School, district grades will differ this year
The implementation of the Florida Assessment of Student Thinking testing this year means how schools and district will be graded has changed — the number of components on which they are measured has decreased.
Superintendent Dr. Christopher Bernier said there will be fewer opportunities for schools to gather necessary points.
“The biggest impact going into this year is the lack of learning gains,” Bernier said. “Principals talk a lot about learning gains. They have students that are in level one and two already, and really want to move that student along. Some are going to move a few feet, some move a mile. The good news is the denominator is changing.”
In a typical year, district and the schools within it receive an annual grade based on student achievement, growth and other academic measures. To receive an A grade they need to receive 62 percent of points or greater; 54 percent to 61 percent for a B; 41 percent to 53 percent for a C; 32 percent to 40 percent for a D and 31 percent or less for an F.
Again, in a typical year, elementary schools are graded on three components in English Language Arts and mathematics – achievement, learning gains and learning gains of the lowest 25 percent; and science – achievement. With middle school, it is the same seven components with middle school acceleration success, or Industry Certifications. High school social studies achievement, four year graduation rate and high school acceleration success is added to English Language Arts, mathematics and science components.
Elementary schools are graded on seven components, middle schools and K-8 schools have nine components, high schools have 10 components and the district has 11 components. Each component is worth 100 points.
Accountability, Assessment and Research Director Dr. Matthew Kaye said achievement is recognized as scoring a 3, 4, or 5 on statewide assessments.
This year, 2022-2023 school year is a transitional year, Kaye said as students are being tested on Florida Assessment of Student Thinking. The first progress monitoring was done in August, the second in January and the third one will be in May for grades third through 10th.
Kaye said since this is the first year of new testing there is no prior year score, which impacts the components.
“Other key considerations, while you hear the term ‘hold harmless,’ this is a very significant year for our students. They still have to pass statewide assessments for graduation and promotion reasons. While it may be hold harmless, our students in the building have the same expectations as years before,” he said.
The changes to the 2022-2023 model includes no learning gains, resulting in fewer components; school and district grades may be reset and the school and district grades will be released later in either late fall or winter.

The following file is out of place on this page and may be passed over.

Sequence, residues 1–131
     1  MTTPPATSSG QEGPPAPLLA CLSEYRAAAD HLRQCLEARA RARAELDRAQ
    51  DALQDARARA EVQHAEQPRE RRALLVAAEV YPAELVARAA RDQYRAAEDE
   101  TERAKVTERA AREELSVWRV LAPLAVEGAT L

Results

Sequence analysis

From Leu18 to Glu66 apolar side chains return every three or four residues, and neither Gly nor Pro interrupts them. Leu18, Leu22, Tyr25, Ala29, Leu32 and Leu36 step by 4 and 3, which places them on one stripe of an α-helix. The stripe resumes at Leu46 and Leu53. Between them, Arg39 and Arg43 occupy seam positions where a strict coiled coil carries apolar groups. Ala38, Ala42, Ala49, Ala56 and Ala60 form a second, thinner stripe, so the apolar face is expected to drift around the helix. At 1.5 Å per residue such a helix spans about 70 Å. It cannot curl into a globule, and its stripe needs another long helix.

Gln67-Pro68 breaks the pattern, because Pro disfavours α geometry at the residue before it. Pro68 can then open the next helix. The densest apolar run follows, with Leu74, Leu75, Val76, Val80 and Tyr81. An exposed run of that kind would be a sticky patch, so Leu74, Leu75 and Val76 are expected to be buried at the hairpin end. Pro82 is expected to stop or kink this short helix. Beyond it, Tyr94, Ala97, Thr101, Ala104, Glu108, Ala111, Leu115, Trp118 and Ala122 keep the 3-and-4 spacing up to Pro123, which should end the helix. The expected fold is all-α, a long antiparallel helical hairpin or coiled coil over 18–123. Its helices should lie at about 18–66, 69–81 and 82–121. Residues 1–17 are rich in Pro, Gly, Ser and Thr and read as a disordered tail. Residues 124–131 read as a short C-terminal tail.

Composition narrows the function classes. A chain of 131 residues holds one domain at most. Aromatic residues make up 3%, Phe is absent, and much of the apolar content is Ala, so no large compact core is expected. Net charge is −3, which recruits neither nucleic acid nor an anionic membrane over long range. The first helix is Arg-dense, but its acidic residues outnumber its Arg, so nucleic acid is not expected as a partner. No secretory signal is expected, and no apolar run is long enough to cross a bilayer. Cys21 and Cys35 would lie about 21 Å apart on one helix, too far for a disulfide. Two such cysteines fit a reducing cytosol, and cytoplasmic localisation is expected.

The changes include seven components for the district, three components for elementary; five components for middle school and six components for high school.
“For the district, instead of having 11, you now have seven, 700 points available,” Kaye said.
The graduation and college and career acceleration rates are both lag data reports, as the prior year data is finalized over the summer, into the following year. Kaye said the graduation rates are finalized at the end of the summer, while acceleration success exams are released in August and September.
The graduation rate is measured on students graduating within four years of starting high school. For instance, a ninth grader who began school in 2018-2019 is expected to graduate in the 2021-2022 school year.
The graduation rate for the 2021-2022 school year was 82.5 percent for the district and 87.3 percent for the statewide graduation rate, compared to 85.1 percent for the district the year prior and 90.1 percent for the statewide graduation.
College and career acceleration represents the percentage of graduates who earned a qualifying CCA credit by earning at least a passing score on an Advanced Placement exam; a passing score on an International Baccalaureate exam; a passing score on an Advanced International Certificate of Education exam; A, C or better in a dual enrollment course; a CAPE Industry Certification credit, 300, or more clock hours in the same Dual Enrollment course program or a 65 or higher on the ASVAB and two JROTC credits from the same branch of the military.
The college and career acceleration rate was 63 percent statewide and 68 percent for the district.
The presentation also focused on CSI (Comprehensive Support and Improvement) schools, those schools that received a D, or F, have a graduation rate of 67 percent or less and have an overall federal index below 41 percent.
Kaye said there are three schools in CSI tier one, G. Weaver Hipps Elementary School Manatee Elementary School and Fort Myers Middle Academy. He said all of the schools earned a D last year. The first tier has intensive interventions and supports, such as a school improvement plan, instructional reviews, district and school requirements and progress monitoring data reviews.